Arkham Horror: The Card Game

arkham_horror

In order to get in some geeky time despite our 'no-screens' policy when it comes to our son, I've been soloing[1] some adventure card games (ACGs). These are cooperative, table-top games based around building decks of cards that represent the player's skills, equipment, and talents used to overcome the challenges spewed forth by decks representing enemies, situations, and weaknesses. A big appeal to these games is that, unlike static board games, expanding or changing the game is a simple as adding or removing cards, thereby keeping the games fresh. The current darling of the ACG world is Fantasy Flight Games' HP Lovecraft inspired Arkham Horror: The Card Game (AH:TCG), which introduces some neat new features that I wanted to discuss.

A neat aspect to how these ACGs are handled is that they're organized into 'campaigns', in which players face increasingly difficult scenarios whose completion rewards them with increasingly powerful cards for their decks. The problem is that some ACGs don't have a heck of a lot of variety to the scenarios: pitting your cards with ever increasing modifiers against the enemies' increasing modifiers tends to get a bit old (I'm looking at you, Pathfinder).

AH:TCG goes a long way towards solving this by adding two piles of cards to each scenario: one representing the player's objectives (the 'act' deck) and one representing the machinations of the opposing, evil forces (the 'agenda' deck). The act deck advances by solving objectives that vary from scenario to scenario while the agenda deck advances over time, creating a race against the clock. Reaching checkpoints on either deck has consequences that can change the playing field, add or remove challenges, or alter objectives. These decks are very cool and are applied in unique ways in each of the five scenarios that have been released so far.

The act and agenda decks also introduce a 'game book' aspect to the campaign in that they're set up in such a way that each scenario offers multiple paths to completion. While some are simply 'fail' states, others offer decisions that will influence the resources and difficulty of future scenarios in the campaign. Furthermore, there's a campaign guide that has you read particular passages based on the choices that you make, tying everything nicely into a single overarching narrative. Because of the multiple paths resulting from your choices, there's also a nice degree of replayability as well. At the moment, deck-building - accomplished by spending experience earned during scenarios - is somewhat limited by the cards that come with the default set; but this should improve with future expansions.

You can't really tell much of what's going on from this shot, but at least you can see that the game doesn't take up a lot of space to play.

Overall, the basic gameplay of AH:TCG is quite a bit deeper than previous ACGs that I've played, offering a wealth of interesting options and tough choices during each scenario. There's a lot of spinning plates involved in each adventure, and each choice involves clear opportunity costs that lead to nail biting outcomes, as any good game should. During my first couple of rounds of the game I was enamored with its systems. But after I completed the tutorial missions, I found that the game's difficulty spiked through the stratosphere, and in a very frustrating way.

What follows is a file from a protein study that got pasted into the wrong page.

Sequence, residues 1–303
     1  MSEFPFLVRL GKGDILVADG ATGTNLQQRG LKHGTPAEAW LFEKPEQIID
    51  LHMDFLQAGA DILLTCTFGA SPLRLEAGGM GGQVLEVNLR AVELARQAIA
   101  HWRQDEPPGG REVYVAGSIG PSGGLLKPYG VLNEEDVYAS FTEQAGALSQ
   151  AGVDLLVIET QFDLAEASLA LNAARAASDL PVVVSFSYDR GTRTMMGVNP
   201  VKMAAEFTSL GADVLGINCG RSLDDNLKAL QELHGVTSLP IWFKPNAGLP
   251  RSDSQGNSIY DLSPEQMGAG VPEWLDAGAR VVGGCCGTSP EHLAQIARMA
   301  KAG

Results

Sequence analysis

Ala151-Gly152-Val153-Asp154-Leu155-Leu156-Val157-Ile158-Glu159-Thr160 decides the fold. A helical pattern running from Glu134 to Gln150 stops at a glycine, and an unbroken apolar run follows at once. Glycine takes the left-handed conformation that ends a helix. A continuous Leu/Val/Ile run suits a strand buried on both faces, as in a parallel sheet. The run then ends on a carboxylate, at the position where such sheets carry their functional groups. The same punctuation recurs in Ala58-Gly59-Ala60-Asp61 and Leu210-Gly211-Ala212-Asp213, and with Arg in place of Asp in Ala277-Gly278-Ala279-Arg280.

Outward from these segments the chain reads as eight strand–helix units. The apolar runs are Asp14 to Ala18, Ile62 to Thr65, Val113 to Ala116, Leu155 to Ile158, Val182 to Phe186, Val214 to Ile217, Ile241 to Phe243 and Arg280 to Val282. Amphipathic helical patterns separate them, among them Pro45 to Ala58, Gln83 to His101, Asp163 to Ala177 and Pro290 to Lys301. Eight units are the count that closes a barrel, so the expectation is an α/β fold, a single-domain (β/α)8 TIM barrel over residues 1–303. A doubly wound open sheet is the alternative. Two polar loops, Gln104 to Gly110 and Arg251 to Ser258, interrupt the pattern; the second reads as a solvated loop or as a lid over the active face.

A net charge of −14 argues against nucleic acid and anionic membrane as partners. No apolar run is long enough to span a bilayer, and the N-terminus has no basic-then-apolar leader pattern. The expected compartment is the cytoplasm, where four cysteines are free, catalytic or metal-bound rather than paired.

I've played several of Fantasy Flight's products, and one thing I've noticed is their penchant for placing a lot of weight on chance, as opposed to European boardgames, which tend to minimize dice rolling. In order to use skills in AH:TCG, players compare their skill value, say three, to a target difficulty, say four, and if they meet or exceed the value, the test is successful. As is typical of these games, cards offer many ways to modify and improve your skills. Once all of the modifiers are chosen, the player must draw a 'chaos token' from a bag[2], and apply its effect to the test. The overwhelming majority of these tokens are negative, applying a penalty to the test, such as -2 or even -5. However, some number of them - five out of 16 tokens - have a scenario-specific effect that can be utterly devastating.

See, you can plan around negative modifiers during important skill tests by playing cards such that you exceed the required target value. But when a bad draw from the chaos bag causes you to auto-fail an important test, or worse, advances the agenda deck and causes you to lose the scenario, it leads to table-flipping frustration. This is a huge problem: without the randomness, the game is already strongly stacked against victory. But when you throw in a unreasonably high chance that any skill test will lead to horrible consequences, it's a recipe for disaster[3]. In seven games, I've lost two outright due to bad combinations of 'rolls' and draws leading to instant character death or enemy victory. In several others, chaos tokens alone have resulted in sub-par scenario endings, making subsequent scenarios effectively unwinnable.

Most comments that I've read have criticized the chaos system because, even though you can adjust the difficulty of the negative modifiers according to the printed rules, the devastating 'special' tokens frequently undermine even the most carefully planned or inventive strategy. The occasional defenders of 'chaos' argue that this frustration is consistent with the Lovecraftian themes. For my part, I'd argue that the only thing that matters when it comes to producing a game is that the game is fun, or at least interesting to play, and AH:TCG's chaos system pulls the rug out from under what is otherwise a very ambitious effort.